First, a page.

I’m a sucker for time travel stories. Ever since I read Jack Finney’s Time and Again, I’ve been hooked. So when I read that a time travel movie called Loopers would be out at the end of September, I marked it on my calendar as a must see.
Here’s the premise: It’s the middle of the twenty-first century. Time travel hasn’t been invented yet. But thirty years in the future, it hasn’t only been invented, it’s illegal and only the mob has use of it. So when they want to get rid of someone, the target is sent 30 years into the past, where a hired gun waits to perform the execution and get rid of the body. The victim usually has a supply of silver bars strapped to his back, payment for the kill.
Joseph Gordon Levitt plays the younger Bruce Willis, Joe, one of these executioners. I remember him from Inception, another movie that appealed to my enjoyment of the weird and the strange. Bruce Willis, of course, needs no introduction and he’s terrific in the role as Old Joe.
The paradox that most time travel pundits tell you can’t happen in a story happens here and is brilliantly executed: Old Self (Bruce) meets Young Self (Joseph). The initial confrontation is one of the most riveting scenes in the movie and takes place in what looks like an updated version of the old hamburger joint down the road. Old Self remembers what happens and has happened on various time lines to Young Self. But as he explains, when certain choices are made, those memories for him either become foggy or shockingly clear, depending on what the choice is.
Throughout the first half of the movie, there are subtle references to TK mutants – telekinetic individuals whose talents don’t seem to extend much beyond levitating coins. (But hey, I’d like to be able to levitate a spot of dust!) Then a woman enters the picture, a young woman and her son who live on a farm. I won’t give any spoilers here, but this part of the movie feels like another movie altogether until the dots are connected.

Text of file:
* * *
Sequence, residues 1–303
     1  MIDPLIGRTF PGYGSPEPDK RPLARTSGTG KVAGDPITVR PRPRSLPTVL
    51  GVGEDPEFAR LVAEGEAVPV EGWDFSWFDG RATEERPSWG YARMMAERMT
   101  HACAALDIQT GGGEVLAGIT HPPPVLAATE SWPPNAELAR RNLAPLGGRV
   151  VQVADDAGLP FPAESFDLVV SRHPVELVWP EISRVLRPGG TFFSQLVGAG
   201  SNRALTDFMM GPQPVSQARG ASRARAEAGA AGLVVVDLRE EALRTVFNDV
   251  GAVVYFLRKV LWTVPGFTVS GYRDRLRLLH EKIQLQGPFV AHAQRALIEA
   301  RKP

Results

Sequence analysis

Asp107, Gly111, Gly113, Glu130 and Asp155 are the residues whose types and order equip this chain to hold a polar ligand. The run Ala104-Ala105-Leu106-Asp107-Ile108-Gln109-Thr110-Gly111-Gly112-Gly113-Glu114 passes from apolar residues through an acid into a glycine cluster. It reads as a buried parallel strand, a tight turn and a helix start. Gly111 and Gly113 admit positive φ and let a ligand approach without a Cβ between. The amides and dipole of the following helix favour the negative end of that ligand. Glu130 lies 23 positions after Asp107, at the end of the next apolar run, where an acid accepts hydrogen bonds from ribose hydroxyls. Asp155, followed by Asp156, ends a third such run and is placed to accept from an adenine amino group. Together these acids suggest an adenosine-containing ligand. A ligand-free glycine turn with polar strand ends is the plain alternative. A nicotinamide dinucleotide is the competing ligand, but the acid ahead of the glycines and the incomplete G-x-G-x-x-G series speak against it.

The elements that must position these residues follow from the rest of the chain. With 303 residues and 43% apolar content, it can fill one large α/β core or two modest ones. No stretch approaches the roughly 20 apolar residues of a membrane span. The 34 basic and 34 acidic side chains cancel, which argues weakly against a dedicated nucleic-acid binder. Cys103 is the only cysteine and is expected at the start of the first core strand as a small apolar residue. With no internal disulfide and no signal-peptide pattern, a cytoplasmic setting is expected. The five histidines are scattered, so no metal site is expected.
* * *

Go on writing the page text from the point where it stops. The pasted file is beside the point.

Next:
Yes, there are plot flaws in the movie. But they don’t occur to you until you’ve left the theater, and they are similar to the flaws in Inception. In any story that involves travel through dreams (Inception) or travel through time (Loopers), or in any story for that matter, that involves something other than consensus reality, the rules have to be established. The writer has to spell out what can and can’t be done within a particular reality or world.
James Cameron does this superbly in Avatar; Ridley Scott excels at this in Blade Runner and Alien; Spielberg pegs it in E.T. The flaw with Loopers, I think, is that the script tries to explain too much about how different choices create different timelines, different probabilities.
In some ways, this is what happens when you go to a psychic for a reading. Assuming the person actually has psi abilities, there’s an element of interpretation for the psychic in that he or she must be able to translate images, impressions, visions, for the client, in a way that makes sense. In the context of life, these interps can be perplexing.
We exercise our free will, we make choices, and those choices have very real repercussions in terms of what we experience, of who we are and who we become. And based on that, our decisions are often moments of epiphany. And the ultimate decision in this movie is a shocker I didn’t see coming. This movie will be one I watch again.